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Making Sense of 50 Billion Triples: No Free Lunch

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Making Sense of 50 Billion Triples: No Free Lunch

Though it is true that literally any data can be simply tossed into a graph database without any care, in the famous words of Mister T, “I pity the fool!” who has to actually sit down and make sense of the data that results from such a careless ingestion method.

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A lot of grandiose claims have been made promising that graph databases would allow easy ingest of all manner of disparate data and make sense of it – and uncover hidden relationships and meaning. This is, in fact, possible — but there are a few considerations that you need to account for to make your database useful to an analyst charged with making sense of the information. There simply is no free lunch; where time and effort are saved in one place, they must be expended (at least partially) elsewhere.

Let’s take a look at the fundamental difference between graph databases and relational databases from which these claims stem: Rather than store data in rows and columns, graph databases store data in a simpler format that describes a series of simple relationships. Two entities (i.e., nodes or vertices) are connected by a directed edge to form a triple: subject, predicate, and object. Since the only requirement for inserting data into a graph database is that the entry contain a subject, predicate and object, then it stands to reason that ingesting disparate data sources is a much simpler affair than if one had to design a schema and potentially multiple tables to store that data.

Herein lies the rub: Though it is true that literally any data can be simply tossed into a graph database without any care, in the famous words of Mister T, “I pity the fool!” who has to actually sit down and make sense of the data that results from such a careless ingestion method. Further, I would hope that at the very least, the poor soul responsible for analyzing the resulting hodgepodge would be provided with a lifetime supply of aspirin.

To standardize data prior to ingest, one needs to develop a mechanism that maps raw data to a particular ontology or taxonomy. To accomplish this, one can implement a rule-based system or even use machine learning to get the job done. The machine learning approach is in use to some degree for DBpedia, which employs a complex data-processing workflow to map Wikipedia data to the DBpedia ontologies. This approach is certainly feasible but takes us right back to where we started as far as trying to benefit from easily ingesting data with minimal preprocessing.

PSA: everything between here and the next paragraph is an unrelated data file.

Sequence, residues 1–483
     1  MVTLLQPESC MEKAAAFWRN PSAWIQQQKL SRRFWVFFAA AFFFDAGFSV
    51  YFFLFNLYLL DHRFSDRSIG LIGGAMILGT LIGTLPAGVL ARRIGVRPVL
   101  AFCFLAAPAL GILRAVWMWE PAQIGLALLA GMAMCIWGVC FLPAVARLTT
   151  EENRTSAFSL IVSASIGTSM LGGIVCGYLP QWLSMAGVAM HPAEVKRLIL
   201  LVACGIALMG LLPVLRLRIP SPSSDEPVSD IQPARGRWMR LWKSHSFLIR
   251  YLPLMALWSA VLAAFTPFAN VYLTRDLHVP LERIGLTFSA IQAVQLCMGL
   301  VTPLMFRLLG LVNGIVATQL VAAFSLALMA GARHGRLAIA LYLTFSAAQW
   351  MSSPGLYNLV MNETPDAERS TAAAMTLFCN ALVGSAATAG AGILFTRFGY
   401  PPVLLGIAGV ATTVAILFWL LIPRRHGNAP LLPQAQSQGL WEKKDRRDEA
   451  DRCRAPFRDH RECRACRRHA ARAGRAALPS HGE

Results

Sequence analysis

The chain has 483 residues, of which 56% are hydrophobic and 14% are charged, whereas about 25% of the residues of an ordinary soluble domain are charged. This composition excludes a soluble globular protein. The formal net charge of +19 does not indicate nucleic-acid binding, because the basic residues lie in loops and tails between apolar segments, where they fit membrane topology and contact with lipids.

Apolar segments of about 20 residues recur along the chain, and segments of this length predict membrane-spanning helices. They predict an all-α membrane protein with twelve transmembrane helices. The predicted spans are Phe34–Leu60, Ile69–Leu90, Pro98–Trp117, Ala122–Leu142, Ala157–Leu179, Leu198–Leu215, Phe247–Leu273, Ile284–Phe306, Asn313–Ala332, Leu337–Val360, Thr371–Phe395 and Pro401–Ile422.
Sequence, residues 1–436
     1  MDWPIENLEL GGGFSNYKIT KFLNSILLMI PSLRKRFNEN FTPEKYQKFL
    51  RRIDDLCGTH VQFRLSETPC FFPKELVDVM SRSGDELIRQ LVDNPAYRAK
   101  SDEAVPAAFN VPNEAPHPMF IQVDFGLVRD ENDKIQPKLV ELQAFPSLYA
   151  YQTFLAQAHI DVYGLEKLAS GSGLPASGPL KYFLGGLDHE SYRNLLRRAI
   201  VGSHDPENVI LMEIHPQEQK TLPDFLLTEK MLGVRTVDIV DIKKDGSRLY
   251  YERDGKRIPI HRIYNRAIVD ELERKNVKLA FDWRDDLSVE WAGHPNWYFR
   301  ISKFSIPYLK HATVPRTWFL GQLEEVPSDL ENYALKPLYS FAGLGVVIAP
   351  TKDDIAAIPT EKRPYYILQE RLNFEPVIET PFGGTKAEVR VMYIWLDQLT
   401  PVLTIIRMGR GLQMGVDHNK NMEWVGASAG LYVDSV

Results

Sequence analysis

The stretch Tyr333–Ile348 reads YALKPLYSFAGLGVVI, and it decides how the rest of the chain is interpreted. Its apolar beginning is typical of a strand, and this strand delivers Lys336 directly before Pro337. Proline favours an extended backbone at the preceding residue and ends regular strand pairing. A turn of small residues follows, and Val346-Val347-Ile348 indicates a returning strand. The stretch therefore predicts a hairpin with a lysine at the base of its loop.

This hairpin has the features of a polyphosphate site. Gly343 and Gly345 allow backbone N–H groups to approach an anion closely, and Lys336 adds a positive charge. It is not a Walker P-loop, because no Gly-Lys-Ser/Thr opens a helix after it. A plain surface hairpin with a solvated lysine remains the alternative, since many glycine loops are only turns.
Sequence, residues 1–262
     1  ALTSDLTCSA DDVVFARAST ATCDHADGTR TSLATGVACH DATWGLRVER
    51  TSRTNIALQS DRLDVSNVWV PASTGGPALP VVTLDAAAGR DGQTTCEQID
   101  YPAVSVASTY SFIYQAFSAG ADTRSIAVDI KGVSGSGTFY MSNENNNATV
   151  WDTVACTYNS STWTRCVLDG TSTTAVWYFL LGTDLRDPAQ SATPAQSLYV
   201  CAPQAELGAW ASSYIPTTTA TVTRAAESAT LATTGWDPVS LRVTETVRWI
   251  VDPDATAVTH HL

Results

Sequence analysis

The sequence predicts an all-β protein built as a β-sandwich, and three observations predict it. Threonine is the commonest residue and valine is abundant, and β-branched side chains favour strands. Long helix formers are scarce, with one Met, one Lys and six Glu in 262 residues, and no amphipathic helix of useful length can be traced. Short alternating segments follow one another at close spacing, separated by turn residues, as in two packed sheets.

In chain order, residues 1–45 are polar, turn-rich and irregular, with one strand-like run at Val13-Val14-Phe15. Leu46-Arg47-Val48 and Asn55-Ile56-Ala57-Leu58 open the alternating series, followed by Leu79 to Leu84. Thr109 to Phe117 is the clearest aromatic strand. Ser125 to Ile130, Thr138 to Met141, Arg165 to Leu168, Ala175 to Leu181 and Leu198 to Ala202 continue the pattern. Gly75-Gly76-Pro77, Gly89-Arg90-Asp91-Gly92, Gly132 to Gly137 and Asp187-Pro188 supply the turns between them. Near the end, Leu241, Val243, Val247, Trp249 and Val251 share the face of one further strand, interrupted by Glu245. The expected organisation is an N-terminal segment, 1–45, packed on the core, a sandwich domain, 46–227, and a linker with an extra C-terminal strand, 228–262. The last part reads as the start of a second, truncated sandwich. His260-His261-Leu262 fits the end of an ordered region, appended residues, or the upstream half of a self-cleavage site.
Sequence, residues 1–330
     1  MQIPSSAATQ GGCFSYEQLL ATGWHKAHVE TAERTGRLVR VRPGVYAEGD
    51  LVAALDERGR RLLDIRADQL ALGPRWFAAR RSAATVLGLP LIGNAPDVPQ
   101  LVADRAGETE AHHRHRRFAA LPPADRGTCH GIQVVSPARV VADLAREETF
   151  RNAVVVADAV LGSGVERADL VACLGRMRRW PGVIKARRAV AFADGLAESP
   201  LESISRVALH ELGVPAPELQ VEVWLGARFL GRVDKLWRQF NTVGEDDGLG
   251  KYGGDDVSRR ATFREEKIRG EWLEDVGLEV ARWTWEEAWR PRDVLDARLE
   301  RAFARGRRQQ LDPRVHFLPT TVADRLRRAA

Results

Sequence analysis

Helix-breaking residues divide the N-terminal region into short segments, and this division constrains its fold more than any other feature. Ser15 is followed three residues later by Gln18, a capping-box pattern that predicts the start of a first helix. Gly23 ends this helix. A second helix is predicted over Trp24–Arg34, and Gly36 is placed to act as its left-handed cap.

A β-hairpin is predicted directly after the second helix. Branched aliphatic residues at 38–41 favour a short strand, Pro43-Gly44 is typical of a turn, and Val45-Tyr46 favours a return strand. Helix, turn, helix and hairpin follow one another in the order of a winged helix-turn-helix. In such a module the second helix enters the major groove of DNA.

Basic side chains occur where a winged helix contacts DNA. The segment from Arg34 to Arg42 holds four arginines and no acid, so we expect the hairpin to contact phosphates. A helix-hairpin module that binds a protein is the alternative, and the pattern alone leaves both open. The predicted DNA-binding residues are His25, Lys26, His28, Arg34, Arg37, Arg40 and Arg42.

Given the goal of living up to the claim that one can simply toss data in, the more contextually appropriate method here is to ingest the data as is for the most part and then sort it out once it has been ingested. To do this with a very small graph, as seen in many examples, is trivial — but to do it at scale, not so much. What about when we are looking at dozens or even hundreds of data sources? If we have enough knowledge and understanding of our source data, this would be feasible, but real datasets usually start off as relative mysteries to us.  It is here that a graph database can truly shine.

That will be the topic of my next two posts; I’ll provide a few tactics to get you going on any size dataset and then dive into deeper into the graph. As a solution architect for Cray, I’m biased toward our customers’ uses of graph analytics, so I encourage you to question and test my assertions and then come to your own conclusions.

What if you could learn how to use MongoDB directly from the experts, on your schedule, for free? We've put together the ultimate guide for learning MongoDBSign up and you'll receive instructions for how to get started!

Topics:
databases ,data sources ,relationships ,graph database ,database ,ingestion ,graph databases

Published at DZone with permission of Adnan Khaleel, DZone MVB. See the original article here.

Opinions expressed by DZone contributors are their own.

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